As Figure 3 illustrates, there was a dramatic increase in the rate of sexual assaults recorded by the police since 1983, due almost entirely to level 1 offences. A total of 27,257 level 1 offences was reported in 1995 (92 per 100,000 population), and this is more than twice the 1983 rate of 41 per 100,000 (10,542 incidents). Levels 2 and 3 sexual assaults have remained constant at between 1 and 4 per 100,000.

Robbery

Robbery offenders constitute about 36% of the total federal incarcerated population, an increase of about 1.6% in the last two years.

Historical trends in police-recorded robbery rates do not indicate a consistent increase but show fluctuations, with the highest rates occurring in the early 1990s (see Figure 4). The rate dipped in the intervening years.

Figure 4

Figure 4

Robberies committed with firearms follow the general trend shown for total robberies (see Figure 4). Overall, rates of robbery increased slightly in 1995 from a dip in the previous years and following a high in 1991. In all years, robberies were more likely to be committed through the use of physical force than with firearms. According to the Uniform Crime Reporting Survey, the most popular target for robbers is commercial establishments, such as banks, gas stations and convenience stores. In 1994, 51% of robberies fell into this category while 40% took place on streets and other outdoor spaces.

Homicides

Homicide offenders comprise more than one fifth (22%) of the federal incarcerated population, and this population has increased by 7.1% over the last two years.

Measures of homicide are generally considered the most reliable of the violent crime statistics because homicide is not as susceptible to subtle changes in public willingness to report, or to changes in police policy or recording practices. Almost all homicides become known to the police and are recorded in police statistics.

Homicides understandably receive much media attention, particularly those involving very vulnerable victims or heinous acts of violence. This may give the impression that very serious violence is on the rise. Notwithstanding extensive media coverage of particularly brutal killings and the trials of the accused, the homicide rate has generally declined and, in 1995, reached its lowest level in 25 years. There were 586 homicides in Canada in 1995, 10 fewer than in 1994, which was 44 fewer than in 1993. The 1995 rate of 1.98 per 100,000 population was 3% lower than the 1994 rate of 2.04, which was itself 51% lower than the 1975 high of 3.02.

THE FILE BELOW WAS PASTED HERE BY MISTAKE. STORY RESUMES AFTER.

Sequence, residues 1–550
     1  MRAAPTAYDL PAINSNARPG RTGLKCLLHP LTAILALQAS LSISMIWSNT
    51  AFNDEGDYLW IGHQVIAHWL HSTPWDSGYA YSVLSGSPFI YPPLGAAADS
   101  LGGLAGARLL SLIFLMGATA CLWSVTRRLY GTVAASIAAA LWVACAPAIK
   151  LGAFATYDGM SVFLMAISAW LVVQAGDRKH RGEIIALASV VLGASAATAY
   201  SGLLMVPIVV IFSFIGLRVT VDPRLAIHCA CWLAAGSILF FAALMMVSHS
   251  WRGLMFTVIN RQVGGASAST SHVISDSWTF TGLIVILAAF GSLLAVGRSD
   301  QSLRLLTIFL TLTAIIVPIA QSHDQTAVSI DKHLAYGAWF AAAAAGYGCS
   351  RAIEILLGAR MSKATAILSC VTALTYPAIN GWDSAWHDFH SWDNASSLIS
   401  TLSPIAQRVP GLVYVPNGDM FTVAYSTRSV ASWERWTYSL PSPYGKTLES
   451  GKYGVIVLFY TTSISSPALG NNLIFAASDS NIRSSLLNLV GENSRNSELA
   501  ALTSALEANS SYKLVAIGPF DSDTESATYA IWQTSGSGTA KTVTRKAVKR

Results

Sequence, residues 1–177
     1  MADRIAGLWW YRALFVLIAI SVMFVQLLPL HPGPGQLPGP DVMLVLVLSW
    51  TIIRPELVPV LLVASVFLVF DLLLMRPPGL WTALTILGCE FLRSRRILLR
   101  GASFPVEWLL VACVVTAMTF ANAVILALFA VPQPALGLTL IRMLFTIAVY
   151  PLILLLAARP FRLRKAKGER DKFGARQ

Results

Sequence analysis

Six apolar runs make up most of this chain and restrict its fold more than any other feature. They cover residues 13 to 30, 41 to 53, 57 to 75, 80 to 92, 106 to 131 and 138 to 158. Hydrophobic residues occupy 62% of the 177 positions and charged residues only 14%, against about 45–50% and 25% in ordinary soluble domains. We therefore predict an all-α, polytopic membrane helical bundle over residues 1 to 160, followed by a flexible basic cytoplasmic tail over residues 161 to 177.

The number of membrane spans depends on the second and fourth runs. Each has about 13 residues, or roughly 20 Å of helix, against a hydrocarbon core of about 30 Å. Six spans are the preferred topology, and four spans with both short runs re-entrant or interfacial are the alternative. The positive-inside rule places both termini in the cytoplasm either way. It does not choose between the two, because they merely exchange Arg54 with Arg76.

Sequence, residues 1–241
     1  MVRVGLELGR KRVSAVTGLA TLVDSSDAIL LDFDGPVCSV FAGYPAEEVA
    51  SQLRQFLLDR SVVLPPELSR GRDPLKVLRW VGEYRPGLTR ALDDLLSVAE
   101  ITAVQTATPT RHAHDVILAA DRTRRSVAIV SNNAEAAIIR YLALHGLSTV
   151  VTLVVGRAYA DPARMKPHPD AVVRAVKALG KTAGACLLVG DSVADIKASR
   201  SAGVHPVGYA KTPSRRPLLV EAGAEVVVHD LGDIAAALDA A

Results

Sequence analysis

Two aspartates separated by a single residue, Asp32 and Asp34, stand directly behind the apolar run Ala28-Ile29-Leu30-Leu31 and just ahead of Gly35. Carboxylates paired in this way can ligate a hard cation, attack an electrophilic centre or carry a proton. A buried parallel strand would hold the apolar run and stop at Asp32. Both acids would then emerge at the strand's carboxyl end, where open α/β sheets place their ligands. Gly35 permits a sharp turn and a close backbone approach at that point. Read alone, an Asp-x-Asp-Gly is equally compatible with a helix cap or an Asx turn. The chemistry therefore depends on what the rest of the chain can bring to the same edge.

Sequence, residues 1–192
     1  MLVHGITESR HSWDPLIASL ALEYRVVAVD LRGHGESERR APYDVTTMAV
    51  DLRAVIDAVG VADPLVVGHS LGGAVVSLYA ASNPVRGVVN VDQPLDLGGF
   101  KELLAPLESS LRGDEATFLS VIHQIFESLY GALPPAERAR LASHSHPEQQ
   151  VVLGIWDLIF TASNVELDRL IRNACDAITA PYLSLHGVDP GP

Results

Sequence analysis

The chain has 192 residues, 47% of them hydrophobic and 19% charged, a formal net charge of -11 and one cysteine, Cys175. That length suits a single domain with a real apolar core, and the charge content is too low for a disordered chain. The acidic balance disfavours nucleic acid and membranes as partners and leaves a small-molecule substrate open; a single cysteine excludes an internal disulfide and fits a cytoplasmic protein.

Since 1961, when collection of national homicide statistics began, there have been two distinct trends. Between 1961 and 1975, the homicide rate increased steadily from 1.28 per 100,000 to peak at 3.02, an increase of 136%. From 1975, despite yearly fluctuations, the homicide rate has declined gradually to 1.98 per 100,000 in 1995.

During the latter period, two significant pieces of legislation were enacted: the first abolished the death penalty in 1976, and the second (in 1978) controlled the proliferation and ownership of guns. By restricting access to deadly weapons, legislators intended to reduce the availability of deadly weapons during violent interactions.

Typically, about one third of all homicides are committed with firearms, averaging about 214 annually. These figures are relatively small, and there has been a general decline in the rate of firearm use in homicides from 38% in 1978 to 30% in 1995.6

International homicide patterns

The homicide rate is considered the most reliable measure in comparing crime levels among nations. The United States, which has a reputation for being more violent than Canada, generally reports a homicide rate three to four times higher. In 1994, the Federal Bureau of Investigation (FBI) reported 23,305 homicides or nine per 100,000 Americans.

In the United States, where approximately four in every ten households contain a firearm, about 70% of all homicides in 1994 were committed with firearms.7 In Canada, where gun control laws are generally much stricter, the proportion of homicides committed with firearms (33%) is less than half that. When homicides committed with a firearm are factored out, the difference in the 1994 rates between these two countries is less dramatic ­ 1.4 per 100,000 population in Canada versus 2.5 in the United States. In other words, much of the difference in the homicide rates between the two countries can be explained by a much higher use of firearms in the United States.